The paper gives good lessons, too. He complains that all the attention paid to countries like Greece is illogical when you consider that the American, British and Japanese fiscal positions are even less wieldy than the euro area’s. And those positions are getting worse, thanks to what he calls a bad game of hot potato: Households passed debt to creditors, who passed it to the state, who now pass it back to households.
In America, the public debt burden has risen almost relentlessly over the past 35 years, he says, though that spectacle doesn’t even have to do with the costs of an aging population, whose impact is yet to come. The fight over fiscal health will really get fun, he says, when the loud, intergenerational conflict over geriatric spending begins. (He does not refer explicitly to Citi’s $45 billion from TARP, though he does mention that the bank bailouts were “perceived by many as a perversion of the rule of law and of the social contract.”)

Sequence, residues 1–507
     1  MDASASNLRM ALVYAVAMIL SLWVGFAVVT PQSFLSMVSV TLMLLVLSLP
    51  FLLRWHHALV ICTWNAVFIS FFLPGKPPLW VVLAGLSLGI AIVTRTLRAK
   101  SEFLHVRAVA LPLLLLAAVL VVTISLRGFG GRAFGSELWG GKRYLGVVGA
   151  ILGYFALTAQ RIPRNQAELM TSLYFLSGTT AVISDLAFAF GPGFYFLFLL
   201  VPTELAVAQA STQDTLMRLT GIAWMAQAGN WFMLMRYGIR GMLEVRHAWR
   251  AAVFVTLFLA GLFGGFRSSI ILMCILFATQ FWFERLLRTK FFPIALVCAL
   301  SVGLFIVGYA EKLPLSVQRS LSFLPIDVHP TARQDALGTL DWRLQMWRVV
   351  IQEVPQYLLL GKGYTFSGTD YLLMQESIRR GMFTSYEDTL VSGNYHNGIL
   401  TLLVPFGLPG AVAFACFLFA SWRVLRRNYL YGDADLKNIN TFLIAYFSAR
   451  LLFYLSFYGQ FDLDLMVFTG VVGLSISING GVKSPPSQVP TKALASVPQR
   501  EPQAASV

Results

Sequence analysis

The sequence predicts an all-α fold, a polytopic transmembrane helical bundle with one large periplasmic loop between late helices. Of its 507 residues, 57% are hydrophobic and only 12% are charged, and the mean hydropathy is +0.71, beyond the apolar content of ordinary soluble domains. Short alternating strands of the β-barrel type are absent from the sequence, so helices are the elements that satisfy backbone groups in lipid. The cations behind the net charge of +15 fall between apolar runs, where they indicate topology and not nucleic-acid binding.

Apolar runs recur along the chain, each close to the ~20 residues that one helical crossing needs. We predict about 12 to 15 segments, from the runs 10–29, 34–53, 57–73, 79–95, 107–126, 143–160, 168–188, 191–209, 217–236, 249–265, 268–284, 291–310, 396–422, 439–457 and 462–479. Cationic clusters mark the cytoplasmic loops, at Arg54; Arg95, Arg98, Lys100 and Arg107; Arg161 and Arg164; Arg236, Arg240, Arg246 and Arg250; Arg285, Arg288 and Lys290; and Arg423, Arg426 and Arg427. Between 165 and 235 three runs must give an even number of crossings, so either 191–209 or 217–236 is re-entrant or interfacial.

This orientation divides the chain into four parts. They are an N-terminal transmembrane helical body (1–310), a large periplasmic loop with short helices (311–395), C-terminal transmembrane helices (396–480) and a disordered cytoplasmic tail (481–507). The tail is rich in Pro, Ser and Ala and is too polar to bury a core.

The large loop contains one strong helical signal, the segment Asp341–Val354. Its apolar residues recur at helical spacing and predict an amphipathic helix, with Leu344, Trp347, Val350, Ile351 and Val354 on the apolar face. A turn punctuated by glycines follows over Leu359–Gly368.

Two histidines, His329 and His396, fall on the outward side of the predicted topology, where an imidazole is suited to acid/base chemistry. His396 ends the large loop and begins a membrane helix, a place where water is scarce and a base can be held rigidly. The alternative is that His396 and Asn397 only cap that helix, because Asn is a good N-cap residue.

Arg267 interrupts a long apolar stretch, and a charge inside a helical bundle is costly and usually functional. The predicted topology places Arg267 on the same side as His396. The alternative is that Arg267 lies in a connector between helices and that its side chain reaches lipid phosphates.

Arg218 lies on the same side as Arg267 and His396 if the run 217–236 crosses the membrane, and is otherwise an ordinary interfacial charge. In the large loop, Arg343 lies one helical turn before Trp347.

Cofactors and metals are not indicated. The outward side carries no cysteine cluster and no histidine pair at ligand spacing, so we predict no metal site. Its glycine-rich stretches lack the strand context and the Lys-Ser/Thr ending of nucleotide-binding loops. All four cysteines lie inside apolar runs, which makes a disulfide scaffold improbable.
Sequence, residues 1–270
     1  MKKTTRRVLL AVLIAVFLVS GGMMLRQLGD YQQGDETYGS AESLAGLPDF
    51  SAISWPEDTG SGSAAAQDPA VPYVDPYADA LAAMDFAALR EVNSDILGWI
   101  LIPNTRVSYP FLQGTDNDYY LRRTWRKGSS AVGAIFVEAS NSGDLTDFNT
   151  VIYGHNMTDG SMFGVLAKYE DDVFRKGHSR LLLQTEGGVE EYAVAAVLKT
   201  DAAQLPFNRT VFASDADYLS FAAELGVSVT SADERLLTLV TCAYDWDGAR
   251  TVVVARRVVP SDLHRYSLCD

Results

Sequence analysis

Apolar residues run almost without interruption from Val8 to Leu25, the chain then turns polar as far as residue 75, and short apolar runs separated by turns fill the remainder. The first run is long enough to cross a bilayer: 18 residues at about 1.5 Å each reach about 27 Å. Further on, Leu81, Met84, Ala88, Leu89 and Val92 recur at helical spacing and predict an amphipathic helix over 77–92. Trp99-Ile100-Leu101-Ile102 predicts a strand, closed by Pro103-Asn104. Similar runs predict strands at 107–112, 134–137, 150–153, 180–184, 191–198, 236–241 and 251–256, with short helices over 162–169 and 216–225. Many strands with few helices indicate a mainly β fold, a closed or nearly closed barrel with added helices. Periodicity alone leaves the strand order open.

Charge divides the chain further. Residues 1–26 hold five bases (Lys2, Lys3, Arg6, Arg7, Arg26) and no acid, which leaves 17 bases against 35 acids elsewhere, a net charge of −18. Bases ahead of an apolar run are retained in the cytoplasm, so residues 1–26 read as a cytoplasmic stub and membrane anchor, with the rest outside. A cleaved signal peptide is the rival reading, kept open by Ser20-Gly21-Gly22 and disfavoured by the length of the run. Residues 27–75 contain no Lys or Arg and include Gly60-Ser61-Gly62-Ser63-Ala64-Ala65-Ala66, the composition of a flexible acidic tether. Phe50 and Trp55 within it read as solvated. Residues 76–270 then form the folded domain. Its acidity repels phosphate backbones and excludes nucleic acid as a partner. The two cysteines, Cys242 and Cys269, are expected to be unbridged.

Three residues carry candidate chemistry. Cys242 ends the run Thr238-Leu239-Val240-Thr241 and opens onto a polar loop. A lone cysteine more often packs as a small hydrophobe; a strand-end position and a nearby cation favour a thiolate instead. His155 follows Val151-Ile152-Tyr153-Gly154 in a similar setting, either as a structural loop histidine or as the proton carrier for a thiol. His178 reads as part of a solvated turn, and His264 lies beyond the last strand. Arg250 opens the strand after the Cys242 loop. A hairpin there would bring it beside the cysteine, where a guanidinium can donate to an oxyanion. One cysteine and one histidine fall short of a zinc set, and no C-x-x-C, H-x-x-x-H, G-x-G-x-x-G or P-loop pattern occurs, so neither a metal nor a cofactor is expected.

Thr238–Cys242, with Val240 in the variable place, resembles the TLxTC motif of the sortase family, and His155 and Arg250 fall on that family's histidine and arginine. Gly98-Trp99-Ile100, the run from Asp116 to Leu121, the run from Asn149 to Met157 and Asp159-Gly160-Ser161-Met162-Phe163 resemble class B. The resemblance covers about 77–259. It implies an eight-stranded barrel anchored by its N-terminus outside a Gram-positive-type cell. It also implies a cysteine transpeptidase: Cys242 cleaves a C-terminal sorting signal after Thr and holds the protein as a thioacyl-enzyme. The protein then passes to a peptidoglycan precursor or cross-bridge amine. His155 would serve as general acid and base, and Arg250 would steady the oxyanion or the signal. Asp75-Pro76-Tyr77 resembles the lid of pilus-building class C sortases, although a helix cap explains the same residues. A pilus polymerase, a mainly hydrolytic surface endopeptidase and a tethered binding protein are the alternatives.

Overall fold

He gives six options for solutions. A country could simply default on its debt, for example, though it’s so destructive it almost only happens where there’s trauma or corruption. Countries can grow their way to safety, though that’s unrealistic for most besides India. They can also inflate themselves out of trouble—which is also unlikely, but least so, he says, in America.
What’s a lot more probable is a new era, maybe as long as a decade, of fiscal tightening around the world. For now, conservatives still rally furiously against tax increases, and liberals are loath to cut spending. “With the policy makers in denial, the fiscal situation is likely to deteriorate further, with the result that the magnitude of the permanent fiscal tightening that is required, when the markets eventually demand an immediate fiscal adjustment, will keep on rising.”
Buiter writes about all this without panicking. Even Portugal or Greece, he says, can pull itself onto a sustainable path with taxes and spending cuts that wouldn’t profoundly threaten standards of living.
The problem is not that we can’t save ourselves, though. It’s that we won’t.